The natural environment is a source of curiosity and inspiration for Scouts. There are many learning opportunities, and nature is the focus of many advancement requirements and merit badges. However, some of nature’s creatures pose risks when threatened or when infected with disease.
Incident Review #1
A 13-year-old Scout at council camp noticed a large skunk and tried to catch it. When the Scout grabbed the skunk, it bit him on the forearm and would not release. The Scout forcibly removed the skunk, resulting in additional damage to the wound. The bite was treated at camp, and a required Animal Bite Report was filed, as discussed below.
Incident Review #2
On a high-adventure trek, a Scout was bitten on her finger by a chipmunk that found its way onto the inside flap of her pack. Her wound was cleaned multiple times. No fever, chills, or discharge were observed. A health care professional was consulted and antibiotics were prescribed.
Incident Review #3
At summer camp, a 14-year-old Scout was trying to catch a mole when it bit her right index finger. An Animal Bite Report was submitted.
- If you see or hear a wild animal, always use caution and do not exhibit behaviors that cause the animal to defend itself by biting or scratching. Most animals are afraid of you.
- Wild animals should not be picked up or touched without supervision or permission.
- Keep any food and packs closed, except when in use, to ensure animals are not attracted by food.
- Animal bites involve a risk of infection, and the wounds should be cleaned thoroughly with soap and water. Professional medical assistance may be indicated.
- Many states, counties, and/or cities have requirements for reporting animal bites, normally to public health departments, either by the victim or by the attending physician. Refer to local regulatory requirements.
Incident Review #4
A 9-year-old Webelos Scout was on a weekend camping trip at a council camp. While he was sleeping in an Adirondack shelter, the Scout was bitten on the shoulder by a bat but did not awaken. He had two puncture wounds and discoloration around the bite marks and was taken to a hospital two days later, where the staff confirmed a bat bite and administered a rabies vaccine.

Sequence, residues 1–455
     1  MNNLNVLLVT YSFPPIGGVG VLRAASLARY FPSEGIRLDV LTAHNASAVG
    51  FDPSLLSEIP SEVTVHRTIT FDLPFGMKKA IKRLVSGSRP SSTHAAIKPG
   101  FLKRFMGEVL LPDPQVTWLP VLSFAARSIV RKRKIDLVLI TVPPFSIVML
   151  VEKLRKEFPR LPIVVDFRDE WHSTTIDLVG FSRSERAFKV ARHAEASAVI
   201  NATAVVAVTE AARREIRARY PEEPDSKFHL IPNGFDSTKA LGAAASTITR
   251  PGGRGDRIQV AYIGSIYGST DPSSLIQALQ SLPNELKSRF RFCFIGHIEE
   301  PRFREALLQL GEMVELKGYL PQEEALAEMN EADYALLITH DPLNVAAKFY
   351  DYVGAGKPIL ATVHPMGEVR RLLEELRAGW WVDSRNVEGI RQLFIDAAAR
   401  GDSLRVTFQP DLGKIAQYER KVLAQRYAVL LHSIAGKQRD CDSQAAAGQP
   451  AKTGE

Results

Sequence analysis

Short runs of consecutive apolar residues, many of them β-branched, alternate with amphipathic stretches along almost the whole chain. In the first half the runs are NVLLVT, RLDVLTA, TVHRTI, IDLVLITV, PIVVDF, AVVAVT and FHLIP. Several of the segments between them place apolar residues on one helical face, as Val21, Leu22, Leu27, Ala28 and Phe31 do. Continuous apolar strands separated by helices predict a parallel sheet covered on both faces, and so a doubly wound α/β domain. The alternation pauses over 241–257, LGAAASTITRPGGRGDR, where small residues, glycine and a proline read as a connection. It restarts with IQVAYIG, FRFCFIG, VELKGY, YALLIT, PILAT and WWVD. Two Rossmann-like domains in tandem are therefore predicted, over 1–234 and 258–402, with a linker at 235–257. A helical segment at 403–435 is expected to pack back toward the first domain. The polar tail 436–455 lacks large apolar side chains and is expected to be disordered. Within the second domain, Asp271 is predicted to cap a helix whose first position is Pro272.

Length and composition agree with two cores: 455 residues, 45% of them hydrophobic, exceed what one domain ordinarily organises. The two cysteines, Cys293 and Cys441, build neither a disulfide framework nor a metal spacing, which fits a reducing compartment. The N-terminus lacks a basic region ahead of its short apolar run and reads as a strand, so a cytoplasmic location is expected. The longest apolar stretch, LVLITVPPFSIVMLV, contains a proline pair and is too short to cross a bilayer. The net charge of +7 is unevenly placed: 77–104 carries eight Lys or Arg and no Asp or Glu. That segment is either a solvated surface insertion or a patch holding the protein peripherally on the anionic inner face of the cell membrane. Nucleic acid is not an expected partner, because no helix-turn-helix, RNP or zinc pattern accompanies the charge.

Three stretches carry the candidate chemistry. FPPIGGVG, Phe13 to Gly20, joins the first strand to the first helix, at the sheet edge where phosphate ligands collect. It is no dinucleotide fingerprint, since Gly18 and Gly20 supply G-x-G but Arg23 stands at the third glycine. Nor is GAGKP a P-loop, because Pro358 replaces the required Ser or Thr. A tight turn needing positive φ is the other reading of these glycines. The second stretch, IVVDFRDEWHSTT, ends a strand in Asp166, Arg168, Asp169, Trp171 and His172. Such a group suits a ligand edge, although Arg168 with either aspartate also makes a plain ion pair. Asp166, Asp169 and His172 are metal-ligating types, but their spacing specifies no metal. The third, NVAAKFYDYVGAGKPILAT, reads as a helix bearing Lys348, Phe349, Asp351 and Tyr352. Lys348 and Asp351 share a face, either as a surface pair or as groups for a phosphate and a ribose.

- Bat bites are generally small and not that noticeable, given that bites can occur when the victim is sleeping and unaware of being bitten. Bat bites are the leading cause of rabies in the U.S., although fatalities are rare.
- Cabins, huts, and shelters can offer refuge for creatures; checking out the structure prior to occupying it is recommended, especially before going to sleep.
- The required reporting of animal bites in your state supports the assessment of rabies exposure and any indicated treatment. Individuals who are exposed to a rabid or potentially rabid animal often require vaccination.
“Rabies is most commonly transmitted to humans from infected bats, raccoons, foxes, skunks, cattle, wolves, coyotes, dogs, cats, and monkeys.” — Source: Centers for Disease Control and Prevention (CDC)
“The CDC reports that more than 22,000 people in the U.S. require vaccination each year after being exposed to rabid or potentially rabid animals, and there are about one to two deaths per year. Most rabies-related deaths result from bat bites, which may go unnoticed by the victim and hence untreated.” — Sources: CDC and Guide to Safe Scouting
- How would you address a Scout in pursuit of a wild creature? What is the risk associated with this behavior?
- Why are animal bites reported to state, county, or city authorities? What are the risks of failing to report or to get a proper review?
- When Scouts or Scouters are scratched or bitten by a potentially rabid animal, what is an appropriate response?
- Have any of you been bitten by an animal and can you share the story with the group?